The University of Arizona

College of Agriculture and Life Sciences

Improving Lives, Communities and the Economy

Sharing a Passion for Plants

Photo Credit: UA News

Master Gardener Steve McIntyre had an engineering puzzle to solve: Can you take a parking lot that’s bathed in shade for much of the day and turn it into a garden to feed those in need? Yes, you can.
McIntyre and a small army of UA College of Agriculture and Life Sciences Cooperative Extension Master Gardeners, turned a parking lot at the Prescott, Ariz. YMCA into a community garden that provided nearly three-quarters of a ton of produce to the needy in 2012.
McIntyre, a retired engineer, is one of 160 active Master Gardeners in Yavapai County. These trained volunteers spread their knowledge of gardening throughout their community. In 2012, volunteers invested 13,725 hours of service, valued at more than $300,000.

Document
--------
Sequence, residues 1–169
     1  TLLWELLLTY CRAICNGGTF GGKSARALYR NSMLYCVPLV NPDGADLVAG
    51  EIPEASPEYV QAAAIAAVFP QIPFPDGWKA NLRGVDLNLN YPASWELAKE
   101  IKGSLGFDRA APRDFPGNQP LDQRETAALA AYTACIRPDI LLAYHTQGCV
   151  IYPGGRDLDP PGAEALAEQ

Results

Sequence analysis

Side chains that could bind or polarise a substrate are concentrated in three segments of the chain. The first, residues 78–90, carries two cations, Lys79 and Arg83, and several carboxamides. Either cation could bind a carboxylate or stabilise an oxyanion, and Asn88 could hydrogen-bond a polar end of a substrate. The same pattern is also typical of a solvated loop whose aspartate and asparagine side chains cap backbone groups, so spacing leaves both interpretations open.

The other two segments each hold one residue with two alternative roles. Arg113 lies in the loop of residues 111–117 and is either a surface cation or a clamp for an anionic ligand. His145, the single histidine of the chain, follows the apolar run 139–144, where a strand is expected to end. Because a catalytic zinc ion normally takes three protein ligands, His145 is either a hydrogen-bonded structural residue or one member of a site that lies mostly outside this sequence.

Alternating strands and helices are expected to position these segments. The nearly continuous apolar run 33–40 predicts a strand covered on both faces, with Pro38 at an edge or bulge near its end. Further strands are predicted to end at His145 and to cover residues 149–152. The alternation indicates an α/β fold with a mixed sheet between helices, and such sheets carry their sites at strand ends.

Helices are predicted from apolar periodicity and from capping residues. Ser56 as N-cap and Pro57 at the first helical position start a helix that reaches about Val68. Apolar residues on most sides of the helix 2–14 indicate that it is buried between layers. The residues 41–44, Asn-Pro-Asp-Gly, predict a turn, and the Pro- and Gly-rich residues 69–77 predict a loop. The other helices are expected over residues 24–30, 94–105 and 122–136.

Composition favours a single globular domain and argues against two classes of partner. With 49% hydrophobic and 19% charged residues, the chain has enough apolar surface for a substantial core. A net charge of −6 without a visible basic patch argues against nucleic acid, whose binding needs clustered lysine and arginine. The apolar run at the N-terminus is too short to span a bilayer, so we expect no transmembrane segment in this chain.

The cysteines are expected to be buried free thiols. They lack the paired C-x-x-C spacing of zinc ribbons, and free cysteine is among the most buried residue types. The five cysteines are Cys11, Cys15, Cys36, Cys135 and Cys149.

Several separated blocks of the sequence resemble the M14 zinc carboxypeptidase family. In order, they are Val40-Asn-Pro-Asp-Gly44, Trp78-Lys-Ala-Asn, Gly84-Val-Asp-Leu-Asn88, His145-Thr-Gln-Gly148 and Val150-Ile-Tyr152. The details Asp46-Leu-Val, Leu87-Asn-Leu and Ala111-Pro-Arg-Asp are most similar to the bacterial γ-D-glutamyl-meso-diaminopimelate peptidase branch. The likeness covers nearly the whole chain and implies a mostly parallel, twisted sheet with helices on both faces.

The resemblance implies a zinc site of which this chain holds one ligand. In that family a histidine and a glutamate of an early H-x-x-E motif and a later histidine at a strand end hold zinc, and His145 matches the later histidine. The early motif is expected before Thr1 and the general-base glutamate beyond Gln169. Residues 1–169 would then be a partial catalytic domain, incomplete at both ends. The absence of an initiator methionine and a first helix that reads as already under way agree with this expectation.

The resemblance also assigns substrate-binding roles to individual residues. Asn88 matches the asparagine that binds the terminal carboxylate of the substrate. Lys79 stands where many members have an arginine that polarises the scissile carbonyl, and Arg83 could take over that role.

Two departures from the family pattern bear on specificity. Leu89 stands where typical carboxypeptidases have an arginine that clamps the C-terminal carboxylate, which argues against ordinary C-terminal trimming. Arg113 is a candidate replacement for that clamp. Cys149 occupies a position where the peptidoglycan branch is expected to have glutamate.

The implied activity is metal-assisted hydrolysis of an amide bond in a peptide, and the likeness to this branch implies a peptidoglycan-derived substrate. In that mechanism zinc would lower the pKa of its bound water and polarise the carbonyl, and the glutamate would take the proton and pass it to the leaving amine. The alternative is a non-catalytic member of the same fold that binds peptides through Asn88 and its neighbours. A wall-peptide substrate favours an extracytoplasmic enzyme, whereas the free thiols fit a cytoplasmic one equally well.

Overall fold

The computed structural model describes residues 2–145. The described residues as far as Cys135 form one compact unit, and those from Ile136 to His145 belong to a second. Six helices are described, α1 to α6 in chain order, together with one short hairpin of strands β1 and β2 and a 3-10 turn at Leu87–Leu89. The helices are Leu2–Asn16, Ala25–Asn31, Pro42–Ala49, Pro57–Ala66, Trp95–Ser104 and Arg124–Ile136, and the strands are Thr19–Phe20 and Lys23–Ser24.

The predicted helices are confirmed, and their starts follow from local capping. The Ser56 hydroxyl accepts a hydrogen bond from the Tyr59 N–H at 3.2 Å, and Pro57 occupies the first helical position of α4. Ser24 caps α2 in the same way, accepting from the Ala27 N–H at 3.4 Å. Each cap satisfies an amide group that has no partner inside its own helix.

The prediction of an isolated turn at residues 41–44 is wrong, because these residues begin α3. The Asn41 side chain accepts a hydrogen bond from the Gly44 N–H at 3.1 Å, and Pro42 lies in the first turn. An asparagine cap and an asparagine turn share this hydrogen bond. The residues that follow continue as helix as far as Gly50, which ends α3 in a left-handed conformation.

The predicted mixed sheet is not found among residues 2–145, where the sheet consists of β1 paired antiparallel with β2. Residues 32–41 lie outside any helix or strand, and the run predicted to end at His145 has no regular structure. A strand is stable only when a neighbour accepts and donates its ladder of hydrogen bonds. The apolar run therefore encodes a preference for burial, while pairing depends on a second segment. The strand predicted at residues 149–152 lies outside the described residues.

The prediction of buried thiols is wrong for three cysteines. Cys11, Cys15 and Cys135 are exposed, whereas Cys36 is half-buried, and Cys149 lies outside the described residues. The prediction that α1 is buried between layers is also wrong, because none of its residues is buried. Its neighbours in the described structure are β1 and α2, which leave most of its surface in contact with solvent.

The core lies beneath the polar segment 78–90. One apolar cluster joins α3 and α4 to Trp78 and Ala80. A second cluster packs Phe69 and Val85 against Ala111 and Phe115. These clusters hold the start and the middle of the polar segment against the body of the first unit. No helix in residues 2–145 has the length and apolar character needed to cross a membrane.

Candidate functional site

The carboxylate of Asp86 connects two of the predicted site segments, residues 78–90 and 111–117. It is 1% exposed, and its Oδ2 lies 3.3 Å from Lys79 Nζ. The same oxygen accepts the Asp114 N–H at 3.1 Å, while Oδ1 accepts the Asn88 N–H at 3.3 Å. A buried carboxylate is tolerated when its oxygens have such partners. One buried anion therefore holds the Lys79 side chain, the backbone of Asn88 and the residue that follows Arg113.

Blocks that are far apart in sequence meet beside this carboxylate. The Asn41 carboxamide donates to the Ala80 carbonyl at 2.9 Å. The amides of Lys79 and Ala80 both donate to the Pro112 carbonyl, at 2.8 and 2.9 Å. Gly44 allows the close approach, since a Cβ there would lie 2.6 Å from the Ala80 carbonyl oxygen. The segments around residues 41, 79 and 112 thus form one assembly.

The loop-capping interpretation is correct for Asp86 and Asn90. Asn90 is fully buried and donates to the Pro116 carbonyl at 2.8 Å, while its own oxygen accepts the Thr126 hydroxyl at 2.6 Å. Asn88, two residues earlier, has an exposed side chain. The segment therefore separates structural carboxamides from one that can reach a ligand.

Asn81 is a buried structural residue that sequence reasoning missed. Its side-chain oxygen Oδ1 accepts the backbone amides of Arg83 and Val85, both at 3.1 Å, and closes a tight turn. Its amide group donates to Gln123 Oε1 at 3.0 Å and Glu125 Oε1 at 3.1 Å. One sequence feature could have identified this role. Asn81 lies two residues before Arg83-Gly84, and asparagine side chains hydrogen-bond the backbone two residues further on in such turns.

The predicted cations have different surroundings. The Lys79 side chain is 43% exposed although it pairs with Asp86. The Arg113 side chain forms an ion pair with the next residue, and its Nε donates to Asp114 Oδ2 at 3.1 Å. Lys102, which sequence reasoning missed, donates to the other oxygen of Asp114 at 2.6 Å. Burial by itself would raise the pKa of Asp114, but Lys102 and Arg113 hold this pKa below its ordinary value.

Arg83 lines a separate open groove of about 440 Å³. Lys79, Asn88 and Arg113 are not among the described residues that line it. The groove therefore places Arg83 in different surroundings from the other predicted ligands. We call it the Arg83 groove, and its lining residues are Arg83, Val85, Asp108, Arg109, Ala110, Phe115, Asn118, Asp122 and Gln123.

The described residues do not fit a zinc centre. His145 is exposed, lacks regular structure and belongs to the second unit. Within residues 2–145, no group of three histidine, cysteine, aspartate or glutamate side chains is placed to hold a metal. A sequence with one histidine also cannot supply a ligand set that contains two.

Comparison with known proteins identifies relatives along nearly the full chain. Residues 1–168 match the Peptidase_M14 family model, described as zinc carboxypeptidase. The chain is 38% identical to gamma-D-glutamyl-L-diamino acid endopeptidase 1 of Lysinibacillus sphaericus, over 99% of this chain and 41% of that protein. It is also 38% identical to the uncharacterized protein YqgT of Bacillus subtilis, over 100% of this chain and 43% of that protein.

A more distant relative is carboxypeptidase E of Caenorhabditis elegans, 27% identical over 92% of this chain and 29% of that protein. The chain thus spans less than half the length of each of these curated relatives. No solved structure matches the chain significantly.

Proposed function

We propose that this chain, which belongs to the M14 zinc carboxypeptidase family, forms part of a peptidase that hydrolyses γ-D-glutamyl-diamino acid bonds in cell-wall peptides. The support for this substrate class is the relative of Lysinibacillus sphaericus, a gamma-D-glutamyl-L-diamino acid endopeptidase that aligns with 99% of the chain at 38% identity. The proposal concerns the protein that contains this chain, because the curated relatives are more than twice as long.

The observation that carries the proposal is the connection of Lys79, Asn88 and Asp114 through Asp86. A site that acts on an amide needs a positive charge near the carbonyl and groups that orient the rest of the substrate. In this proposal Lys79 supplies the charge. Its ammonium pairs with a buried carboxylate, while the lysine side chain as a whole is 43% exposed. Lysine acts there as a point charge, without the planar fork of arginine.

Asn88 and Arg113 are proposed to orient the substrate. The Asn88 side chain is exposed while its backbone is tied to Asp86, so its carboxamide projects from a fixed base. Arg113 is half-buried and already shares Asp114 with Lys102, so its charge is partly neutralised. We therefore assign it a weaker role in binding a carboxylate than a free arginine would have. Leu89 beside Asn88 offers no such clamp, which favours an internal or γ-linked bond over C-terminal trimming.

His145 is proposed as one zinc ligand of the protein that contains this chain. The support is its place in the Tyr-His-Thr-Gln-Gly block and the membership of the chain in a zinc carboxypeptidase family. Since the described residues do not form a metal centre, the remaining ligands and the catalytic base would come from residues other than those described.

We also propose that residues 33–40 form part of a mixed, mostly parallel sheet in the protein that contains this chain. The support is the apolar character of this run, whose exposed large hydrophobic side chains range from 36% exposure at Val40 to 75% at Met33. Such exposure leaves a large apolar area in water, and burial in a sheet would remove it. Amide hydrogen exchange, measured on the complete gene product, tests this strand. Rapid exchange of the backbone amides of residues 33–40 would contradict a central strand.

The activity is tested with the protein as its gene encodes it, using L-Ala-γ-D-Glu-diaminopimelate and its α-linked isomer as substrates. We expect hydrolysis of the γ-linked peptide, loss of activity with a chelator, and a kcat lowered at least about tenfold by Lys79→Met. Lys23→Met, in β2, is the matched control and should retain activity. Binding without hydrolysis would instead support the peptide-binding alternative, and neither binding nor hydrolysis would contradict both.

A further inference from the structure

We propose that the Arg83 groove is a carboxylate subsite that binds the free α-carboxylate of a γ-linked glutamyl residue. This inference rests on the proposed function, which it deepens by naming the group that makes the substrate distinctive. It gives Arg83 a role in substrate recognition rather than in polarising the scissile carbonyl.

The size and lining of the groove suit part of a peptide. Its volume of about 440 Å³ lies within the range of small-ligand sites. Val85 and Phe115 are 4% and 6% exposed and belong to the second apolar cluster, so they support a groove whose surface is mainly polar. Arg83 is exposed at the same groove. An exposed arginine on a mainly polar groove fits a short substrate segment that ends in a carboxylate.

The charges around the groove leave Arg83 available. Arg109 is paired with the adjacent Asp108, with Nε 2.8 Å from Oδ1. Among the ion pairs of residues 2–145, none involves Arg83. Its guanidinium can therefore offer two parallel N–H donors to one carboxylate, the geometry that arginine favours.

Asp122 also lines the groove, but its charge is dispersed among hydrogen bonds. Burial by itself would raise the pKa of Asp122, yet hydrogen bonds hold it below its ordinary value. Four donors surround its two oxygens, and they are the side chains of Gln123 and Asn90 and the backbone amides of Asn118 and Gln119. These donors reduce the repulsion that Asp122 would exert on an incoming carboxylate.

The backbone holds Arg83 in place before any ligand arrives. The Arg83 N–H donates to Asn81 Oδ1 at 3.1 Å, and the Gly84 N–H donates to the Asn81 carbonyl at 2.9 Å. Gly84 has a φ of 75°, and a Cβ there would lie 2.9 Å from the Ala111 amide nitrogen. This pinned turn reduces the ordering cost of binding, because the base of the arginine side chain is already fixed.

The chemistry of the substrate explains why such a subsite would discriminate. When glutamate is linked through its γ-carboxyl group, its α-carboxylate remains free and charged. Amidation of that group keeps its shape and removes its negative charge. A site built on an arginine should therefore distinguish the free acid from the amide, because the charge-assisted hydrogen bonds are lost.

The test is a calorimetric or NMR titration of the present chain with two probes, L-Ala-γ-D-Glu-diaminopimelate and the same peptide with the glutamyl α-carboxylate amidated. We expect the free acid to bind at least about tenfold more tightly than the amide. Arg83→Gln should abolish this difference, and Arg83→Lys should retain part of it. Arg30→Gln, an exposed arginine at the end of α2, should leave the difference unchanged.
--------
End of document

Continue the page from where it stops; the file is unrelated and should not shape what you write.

For the volunteers, creating gardens, inspiring children to grow things, sharing their expertise and finding solutions to pesky plant problems are part of their calling. Ultimately, they work to help people save money by teaching them how to keep their plants alive and to reduce chemical use.
"The Master Gardeners get projects done, they have fun and they are meeting a mission that is very important to them and the community," said Jeff Schalau, agriculture and natural resources agent with Yavapai County Cooperative Extension.
Master Gardener Sue Smith recently led a team in creating the Yavapai County Native and Naturalized Plant Database. Using her skills as a former eBay programmer, Smith, with help from other volunteers, has photographed and described 407 plants, which are searchable online.
UA Cooperative Extension offers training to community members who would like to become Master Gardeners. As part of the training course, individuals learn, among other things, methods associated with planting, composting and irrigation and also how to present talks and demonstrations about gardens.